Until just last year, Whiteclay, Nebraska had one liquor store for every three residents. This tiny farmland community had been selling alcohol for more than 100 years to the nearby Pine Ridge Indian Reservation.
In many ways, Whiteclay seemed to only exist because of its liquor stores. For years, community advocates like Frank LaMere fought to end alcohol sales in Whiteclay, but as is often the case, the alcohol industry was a powerful adversary.
The complicated history of these two communities, which dates back to the 1880s, was captured during a yearlong effort by journalism students who set out to explore the connection between the liquor stores of Whiteclay and the many problems at the reservation—problems that stemmed from high alcohol use, including alcoholism, suicide, infant mortality, fetal alcohol syndrome, and crime.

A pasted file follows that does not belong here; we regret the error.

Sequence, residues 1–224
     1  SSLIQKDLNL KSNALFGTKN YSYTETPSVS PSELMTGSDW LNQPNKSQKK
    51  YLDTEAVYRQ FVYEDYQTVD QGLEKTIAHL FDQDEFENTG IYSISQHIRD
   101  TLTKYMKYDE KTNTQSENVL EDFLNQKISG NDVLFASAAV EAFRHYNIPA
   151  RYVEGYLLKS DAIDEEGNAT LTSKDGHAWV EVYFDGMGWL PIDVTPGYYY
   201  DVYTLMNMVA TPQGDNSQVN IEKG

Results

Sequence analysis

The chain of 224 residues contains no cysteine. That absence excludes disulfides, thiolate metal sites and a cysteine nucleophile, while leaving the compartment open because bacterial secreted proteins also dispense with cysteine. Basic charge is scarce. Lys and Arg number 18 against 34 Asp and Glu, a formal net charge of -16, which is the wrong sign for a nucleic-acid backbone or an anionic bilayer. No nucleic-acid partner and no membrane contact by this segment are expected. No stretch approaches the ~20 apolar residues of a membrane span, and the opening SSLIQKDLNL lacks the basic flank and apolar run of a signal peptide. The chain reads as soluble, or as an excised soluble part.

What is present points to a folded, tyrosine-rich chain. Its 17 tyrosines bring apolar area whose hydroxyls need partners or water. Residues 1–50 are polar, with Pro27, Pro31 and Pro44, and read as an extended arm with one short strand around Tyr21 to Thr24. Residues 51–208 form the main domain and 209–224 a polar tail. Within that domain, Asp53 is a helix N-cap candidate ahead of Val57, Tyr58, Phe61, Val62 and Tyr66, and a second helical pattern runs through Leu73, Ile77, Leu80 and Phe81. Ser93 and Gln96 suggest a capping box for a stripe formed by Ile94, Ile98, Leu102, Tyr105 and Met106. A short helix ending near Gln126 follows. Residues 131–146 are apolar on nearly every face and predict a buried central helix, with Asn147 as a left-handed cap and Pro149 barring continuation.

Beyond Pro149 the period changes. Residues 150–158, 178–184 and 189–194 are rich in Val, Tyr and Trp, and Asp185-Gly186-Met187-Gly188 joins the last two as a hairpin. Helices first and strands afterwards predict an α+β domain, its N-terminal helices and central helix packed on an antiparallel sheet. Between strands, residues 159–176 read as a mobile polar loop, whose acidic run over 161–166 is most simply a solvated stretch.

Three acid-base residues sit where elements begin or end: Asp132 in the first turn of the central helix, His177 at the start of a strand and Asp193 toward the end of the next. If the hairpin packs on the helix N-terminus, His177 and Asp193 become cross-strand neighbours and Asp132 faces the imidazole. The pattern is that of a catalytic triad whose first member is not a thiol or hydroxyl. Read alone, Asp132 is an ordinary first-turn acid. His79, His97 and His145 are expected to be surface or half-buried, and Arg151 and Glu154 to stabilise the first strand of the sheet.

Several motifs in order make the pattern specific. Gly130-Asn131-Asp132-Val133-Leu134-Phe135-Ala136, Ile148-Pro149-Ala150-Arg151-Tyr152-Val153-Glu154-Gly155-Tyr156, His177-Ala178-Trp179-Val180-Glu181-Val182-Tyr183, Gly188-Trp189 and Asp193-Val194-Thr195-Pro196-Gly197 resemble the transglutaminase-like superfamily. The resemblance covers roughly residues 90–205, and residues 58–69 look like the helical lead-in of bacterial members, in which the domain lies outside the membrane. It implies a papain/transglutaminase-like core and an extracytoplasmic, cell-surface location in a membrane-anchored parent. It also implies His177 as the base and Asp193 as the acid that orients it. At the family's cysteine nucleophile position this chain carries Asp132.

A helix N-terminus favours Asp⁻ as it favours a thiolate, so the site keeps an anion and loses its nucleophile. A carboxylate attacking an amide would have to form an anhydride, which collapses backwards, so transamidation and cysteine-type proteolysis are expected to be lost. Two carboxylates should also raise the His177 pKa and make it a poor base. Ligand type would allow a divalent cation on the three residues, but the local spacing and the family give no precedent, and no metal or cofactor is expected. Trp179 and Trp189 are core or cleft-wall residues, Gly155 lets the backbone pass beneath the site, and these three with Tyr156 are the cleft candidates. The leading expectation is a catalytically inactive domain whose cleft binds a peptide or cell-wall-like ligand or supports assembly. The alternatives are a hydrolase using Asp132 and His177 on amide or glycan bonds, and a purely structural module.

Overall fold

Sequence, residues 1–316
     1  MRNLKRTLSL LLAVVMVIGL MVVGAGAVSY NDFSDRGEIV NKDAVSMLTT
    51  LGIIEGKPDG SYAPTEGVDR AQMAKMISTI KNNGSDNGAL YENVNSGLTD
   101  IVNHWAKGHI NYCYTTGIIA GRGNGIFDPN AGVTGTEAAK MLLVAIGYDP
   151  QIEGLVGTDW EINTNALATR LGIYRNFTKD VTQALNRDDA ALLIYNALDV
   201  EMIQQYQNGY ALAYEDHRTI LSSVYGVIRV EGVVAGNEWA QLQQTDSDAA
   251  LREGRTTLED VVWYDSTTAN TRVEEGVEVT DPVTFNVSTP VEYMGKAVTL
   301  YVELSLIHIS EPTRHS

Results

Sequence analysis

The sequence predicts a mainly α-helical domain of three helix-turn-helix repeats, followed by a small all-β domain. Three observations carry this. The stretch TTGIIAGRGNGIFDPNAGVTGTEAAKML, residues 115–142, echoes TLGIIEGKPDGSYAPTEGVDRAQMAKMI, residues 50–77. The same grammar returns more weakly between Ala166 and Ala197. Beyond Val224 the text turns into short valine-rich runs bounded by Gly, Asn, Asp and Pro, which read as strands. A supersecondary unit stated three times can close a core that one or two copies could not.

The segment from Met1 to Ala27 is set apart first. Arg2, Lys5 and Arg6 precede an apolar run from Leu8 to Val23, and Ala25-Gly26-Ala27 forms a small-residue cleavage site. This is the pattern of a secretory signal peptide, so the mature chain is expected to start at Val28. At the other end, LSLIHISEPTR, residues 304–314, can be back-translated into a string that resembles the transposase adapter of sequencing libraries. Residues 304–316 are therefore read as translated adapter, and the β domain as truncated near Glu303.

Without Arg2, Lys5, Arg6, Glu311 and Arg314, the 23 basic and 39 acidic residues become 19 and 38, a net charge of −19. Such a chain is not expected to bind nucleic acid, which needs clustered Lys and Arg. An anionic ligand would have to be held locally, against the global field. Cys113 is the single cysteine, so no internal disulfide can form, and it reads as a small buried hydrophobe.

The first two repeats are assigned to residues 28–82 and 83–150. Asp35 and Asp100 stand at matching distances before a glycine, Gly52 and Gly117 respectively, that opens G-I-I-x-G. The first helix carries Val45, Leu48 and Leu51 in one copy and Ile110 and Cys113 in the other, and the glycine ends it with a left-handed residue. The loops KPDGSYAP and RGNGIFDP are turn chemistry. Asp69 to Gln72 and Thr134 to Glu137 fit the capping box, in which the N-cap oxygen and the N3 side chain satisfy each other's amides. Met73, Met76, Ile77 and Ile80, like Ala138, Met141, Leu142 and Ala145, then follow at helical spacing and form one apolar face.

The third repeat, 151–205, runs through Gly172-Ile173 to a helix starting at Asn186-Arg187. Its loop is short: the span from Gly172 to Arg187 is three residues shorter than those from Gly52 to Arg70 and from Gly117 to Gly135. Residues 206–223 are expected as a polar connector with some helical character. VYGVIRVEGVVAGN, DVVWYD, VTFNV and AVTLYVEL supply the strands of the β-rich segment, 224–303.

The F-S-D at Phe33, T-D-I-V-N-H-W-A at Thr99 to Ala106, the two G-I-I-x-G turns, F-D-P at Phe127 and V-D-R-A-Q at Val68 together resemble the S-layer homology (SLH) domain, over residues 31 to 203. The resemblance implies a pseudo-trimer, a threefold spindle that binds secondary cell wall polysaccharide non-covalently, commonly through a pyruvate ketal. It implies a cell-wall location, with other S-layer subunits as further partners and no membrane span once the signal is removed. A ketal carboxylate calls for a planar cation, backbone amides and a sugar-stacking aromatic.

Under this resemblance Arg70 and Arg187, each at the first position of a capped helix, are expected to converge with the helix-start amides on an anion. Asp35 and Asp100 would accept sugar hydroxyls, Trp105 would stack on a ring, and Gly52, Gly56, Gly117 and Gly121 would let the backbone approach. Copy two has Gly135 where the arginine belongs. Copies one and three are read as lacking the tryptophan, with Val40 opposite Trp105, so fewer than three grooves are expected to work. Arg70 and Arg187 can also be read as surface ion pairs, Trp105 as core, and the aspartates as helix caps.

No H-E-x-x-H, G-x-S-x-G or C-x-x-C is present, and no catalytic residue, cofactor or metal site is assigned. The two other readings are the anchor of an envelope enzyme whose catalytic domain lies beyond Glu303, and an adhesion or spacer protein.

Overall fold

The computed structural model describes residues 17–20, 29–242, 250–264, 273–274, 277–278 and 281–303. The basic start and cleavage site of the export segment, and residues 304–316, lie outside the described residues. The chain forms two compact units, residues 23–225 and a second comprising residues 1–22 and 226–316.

Ultimately, Whiteclay’s liquor stores closed – all were denied renewal of their licenses in 2016.
The story of how Whiteclay’s policies changed is a fascinating one, and the student journalists’ stories earned them the Robert F. Kennedy Human Rights Journalism grand prize.
The advocates, stories, and history behind this ultimate victory have been captured in a stunning web site, “The Wounds of WhiteClay: Nebraska’s Shameful Legacy.” We encourage you to visit the site and learn more about this extraordinary community and the committed group of advocates who went against the alcohol industry—and won.
We know there are countless more communities like Whiteclay, so when Texans Standing Tall learned of its story, we knew we had to share it with you.